Attacking JAVA Serialized Communications (Manish Saindane)
Abstract (source: Blackhat.com)
Many applications written in JAVA make use of Object Serialization to transfer full blown objects across the network via byte streams or to store them on the file system. While Penetration Testing applications communicating via Serialized Objects, current tools/application interception proxies allow very limited functionality to intercept and modify the requests and responses like in typical web applications. I’m trying to introduce a new technique to intercept such Serialized communication and modify it to perform penetration testing with almost the same ease as testing regular web applications. For achieving this I have developed a plug-in for Burp Suite as a proof-of-concept. What makes this technique unique is that it is completely seamless and gives the penetration tester the same control and power that an application developer has.
Talk Abstract –> Attacking JAVA Serialized Communication
Speaker Bio –> Manish Saindane
- Simplify the penetration testing process of thick clients and make it completely seamless
- Enable the pentester to edit JAVA objects in the same way that a developer would
- Enable all of this using the currently available tools
What is JAVA Object Serialization ?
Protocol implemented by SUN for JAVA objects in a stream of bytes to be stored in a file or transmitted across a network.
JAVA Object Serialized data can be easily identified by the 0xac 0xed stream header
Challenges faced today
Used by thick clients or JAVA applets.
It’s not as simple as inserting a transparent proxy into the path. Current tools or applications do not offer seamless testing.
What can be done currently?
- Modify raw HEX using a HEX editor
- Limited usefulness
- Not practical for complex applications
- May corrupt data
- Decompiling the class file
- Can allow access to application logic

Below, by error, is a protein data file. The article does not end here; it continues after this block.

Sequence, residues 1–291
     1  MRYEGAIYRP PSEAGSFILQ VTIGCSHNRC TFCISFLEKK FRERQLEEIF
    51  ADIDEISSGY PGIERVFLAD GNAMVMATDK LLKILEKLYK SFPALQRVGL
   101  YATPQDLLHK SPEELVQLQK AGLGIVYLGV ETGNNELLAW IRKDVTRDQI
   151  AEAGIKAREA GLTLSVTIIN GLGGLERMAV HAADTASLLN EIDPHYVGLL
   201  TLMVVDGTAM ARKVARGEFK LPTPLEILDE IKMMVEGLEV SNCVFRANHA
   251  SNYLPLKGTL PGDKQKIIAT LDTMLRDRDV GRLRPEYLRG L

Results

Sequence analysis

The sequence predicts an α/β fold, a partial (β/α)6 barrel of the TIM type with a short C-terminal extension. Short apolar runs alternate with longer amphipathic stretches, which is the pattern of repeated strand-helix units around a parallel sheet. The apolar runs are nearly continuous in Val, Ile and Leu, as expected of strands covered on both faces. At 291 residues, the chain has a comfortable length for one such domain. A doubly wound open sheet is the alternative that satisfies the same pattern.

- Certain values can be recovered (hard coded credentials, crypto algorithms, …)
- Decompiling may not be straight forward (signed or obfuscated)
Belch –> plugin for Burp to transfer JAVA serialized communications to a HEX editor of your choice.
Assessing JAVA clients with Beanshell
- Technique developed by Stephen D’ Vires from Corsaire
- Made use of the BeanShell scripting language that was plugged into the client
- Could be handy in identifying client‐side securitycontrols
Runtime Protocol Analysis (RPA)
Presented by Shay Chen from Hacktics at an OWASP Israel mee
- Sniff traffic over the network
- Split each request/response into individual packets
- Modify the destination URL or Host within the packet with a HEX editor to a local server (protocol analyzer)
- Send it to the Protocol Analyzer using netcat
This method is not completely seamless. Lots of steps involved, takes time to setup.
So what can be done? Suggested Solution
A plugin for the interception proxy using JRuby shell.
Solution based on JRuby 1.4.0, Burp Suite 1.2.x, Buby 1,8,x, A text editor
- Easier syntax than a pure JAVA plugin
- Can call almost all JAVA libraries
- Interactive shell
- Dynamic Type language
- Allows modification on the fly
- Ease of use – Seamless
- Hooks the JAVA development environment in your proxy
- Can be used for other things with a little creativity
The demonstration looked interesting and certainly something I’ll be playing around with in the future. The Ruby interface makes things easy to use, and the connection with Burp Suite is an added benefit.
Tool to be made available on the Attack and Defense Labs site in the next few days
For more information please see the Blackhat Europe website